In some embodiments, a fibroin peptide contains multiple hydrophobic blocks, e.g., 3, 4, 5, 6, 7, 8, 9, 10, 11, 12, 13, 14, 15, 16, 17, 18, 19 and 20 hydrophobic blocks within the peptide. In some embodiments, a fibroin peptide contains between 4-17 hydrophobic blocks. In some embodiments of the invention, a fibroin peptide comprises at least one hydrophilic spacer sequence (“hydrophilic block”) that is about 4-50 amino acids in length. Non-limiting examples of the hydrophilic spacer sequences include: TGSSGFGPYVNGGYSG (SEQ ID NO: 14); YEYAWSSE (SEQ ID NO: 15); SDFGTGS (SEQ ID NO: 16); RRAGYDR (SEQ ID NO: 17); EVIVIDDR(SEQ ID NO: 18); TTIIEDLDITIDGADGPI (SEQ ID NO: 19) and TISEELTI (SEQ ID NO: 20).
In certain embodiments, a fibroin peptide contains a hydrophilic spacer sequence that is a derivative of any one of the representative spacer sequences listed above. Such derivatives are at least 75%, at least 80%, at least 85%, at least 90%, or at least 95% identical to any one of the hydrophilic spacer sequences.
In some embodiments, a fibroin peptide suitable for the present invention contains no spacer.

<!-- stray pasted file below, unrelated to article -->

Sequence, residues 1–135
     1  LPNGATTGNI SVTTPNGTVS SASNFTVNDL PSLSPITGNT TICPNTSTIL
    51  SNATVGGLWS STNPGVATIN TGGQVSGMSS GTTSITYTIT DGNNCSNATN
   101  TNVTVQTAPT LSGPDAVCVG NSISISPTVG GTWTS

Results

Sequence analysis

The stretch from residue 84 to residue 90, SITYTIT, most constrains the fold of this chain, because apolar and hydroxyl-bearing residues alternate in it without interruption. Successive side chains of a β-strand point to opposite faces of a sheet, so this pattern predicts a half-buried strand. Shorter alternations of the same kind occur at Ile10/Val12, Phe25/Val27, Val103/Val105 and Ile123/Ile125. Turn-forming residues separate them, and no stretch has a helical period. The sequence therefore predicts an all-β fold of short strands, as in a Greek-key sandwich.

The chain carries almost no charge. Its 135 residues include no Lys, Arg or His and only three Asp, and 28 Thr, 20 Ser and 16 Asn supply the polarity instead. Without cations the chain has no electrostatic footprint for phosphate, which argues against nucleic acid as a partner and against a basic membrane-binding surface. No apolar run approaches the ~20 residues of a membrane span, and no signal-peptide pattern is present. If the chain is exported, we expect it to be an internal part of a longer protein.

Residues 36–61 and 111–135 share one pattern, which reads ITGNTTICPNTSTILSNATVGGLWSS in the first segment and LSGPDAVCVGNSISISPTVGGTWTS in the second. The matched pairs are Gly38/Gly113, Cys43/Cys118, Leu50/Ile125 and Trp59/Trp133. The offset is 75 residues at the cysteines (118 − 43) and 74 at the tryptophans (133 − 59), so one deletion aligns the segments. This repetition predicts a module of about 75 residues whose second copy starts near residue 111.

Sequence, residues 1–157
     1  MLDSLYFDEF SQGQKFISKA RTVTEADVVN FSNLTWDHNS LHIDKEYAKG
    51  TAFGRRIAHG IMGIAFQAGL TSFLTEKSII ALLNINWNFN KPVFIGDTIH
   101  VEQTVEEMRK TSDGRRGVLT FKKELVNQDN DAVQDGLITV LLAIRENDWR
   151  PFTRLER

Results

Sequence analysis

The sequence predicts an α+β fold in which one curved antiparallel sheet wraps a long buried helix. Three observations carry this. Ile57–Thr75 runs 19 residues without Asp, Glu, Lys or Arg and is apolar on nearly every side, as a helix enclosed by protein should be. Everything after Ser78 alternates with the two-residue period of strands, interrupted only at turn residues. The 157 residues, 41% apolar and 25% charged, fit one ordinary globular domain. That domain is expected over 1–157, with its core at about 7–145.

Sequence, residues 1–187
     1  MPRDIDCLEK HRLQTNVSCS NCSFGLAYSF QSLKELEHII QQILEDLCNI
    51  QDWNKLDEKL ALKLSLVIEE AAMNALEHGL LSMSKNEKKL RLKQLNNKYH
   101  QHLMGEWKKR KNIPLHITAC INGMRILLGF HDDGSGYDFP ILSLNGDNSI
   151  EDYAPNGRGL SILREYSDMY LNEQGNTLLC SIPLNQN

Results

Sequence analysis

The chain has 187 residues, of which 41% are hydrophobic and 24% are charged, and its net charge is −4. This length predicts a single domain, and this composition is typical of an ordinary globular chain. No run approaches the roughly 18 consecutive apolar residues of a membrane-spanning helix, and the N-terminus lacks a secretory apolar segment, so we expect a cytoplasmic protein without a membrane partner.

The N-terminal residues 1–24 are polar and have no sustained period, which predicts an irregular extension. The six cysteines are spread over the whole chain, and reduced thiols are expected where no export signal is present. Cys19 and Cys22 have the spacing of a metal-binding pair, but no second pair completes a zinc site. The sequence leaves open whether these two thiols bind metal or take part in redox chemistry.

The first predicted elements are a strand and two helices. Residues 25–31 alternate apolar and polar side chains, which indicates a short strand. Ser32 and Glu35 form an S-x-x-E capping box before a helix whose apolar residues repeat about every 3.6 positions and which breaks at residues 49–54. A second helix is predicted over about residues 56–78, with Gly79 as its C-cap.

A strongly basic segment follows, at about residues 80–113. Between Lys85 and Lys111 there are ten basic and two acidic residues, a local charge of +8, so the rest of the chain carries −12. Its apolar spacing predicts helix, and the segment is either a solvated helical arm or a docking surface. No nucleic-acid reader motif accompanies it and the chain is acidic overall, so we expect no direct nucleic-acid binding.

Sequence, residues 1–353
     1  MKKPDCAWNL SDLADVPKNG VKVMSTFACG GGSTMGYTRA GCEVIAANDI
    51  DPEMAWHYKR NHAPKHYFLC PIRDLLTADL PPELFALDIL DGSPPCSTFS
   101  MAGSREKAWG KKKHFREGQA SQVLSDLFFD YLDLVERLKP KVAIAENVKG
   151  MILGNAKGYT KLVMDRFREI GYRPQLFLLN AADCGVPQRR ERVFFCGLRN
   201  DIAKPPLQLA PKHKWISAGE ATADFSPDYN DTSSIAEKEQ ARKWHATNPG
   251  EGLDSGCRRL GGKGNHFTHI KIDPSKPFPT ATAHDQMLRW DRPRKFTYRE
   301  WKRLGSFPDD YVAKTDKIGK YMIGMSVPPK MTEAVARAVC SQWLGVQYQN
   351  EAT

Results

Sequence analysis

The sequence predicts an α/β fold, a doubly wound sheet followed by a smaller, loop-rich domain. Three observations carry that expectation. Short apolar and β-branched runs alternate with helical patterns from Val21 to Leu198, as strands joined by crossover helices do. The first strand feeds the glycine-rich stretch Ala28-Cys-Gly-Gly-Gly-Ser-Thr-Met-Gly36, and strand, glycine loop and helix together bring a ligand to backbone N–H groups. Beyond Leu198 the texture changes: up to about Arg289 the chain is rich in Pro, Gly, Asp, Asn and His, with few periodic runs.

As noted, silk fibroins are fibrous proteins and are characterized by modular units linked together to form high molecular weight, highly repetitive proteins. These modular units or domains, each with specific amino acid sequences and chemistries, are thought to provide specific functions. For example, sequence motifs such as poly-alanine (polyA) and polyalanine-glycine (poly-AG) are inclined to be beta-sheet-forming; GXX motifs contribute to 31-helix formation; GXG motifs provide stiffness; and, GPGXX (SEQ ID NO: 22) contributes to beta-spiral formation. These are examples of key components in various silk structures whose positioning and arrangement are intimately tied with the end material properties of silk-based materials (reviewed in Omenetto and Kaplan (2010) Science 329: 528-531).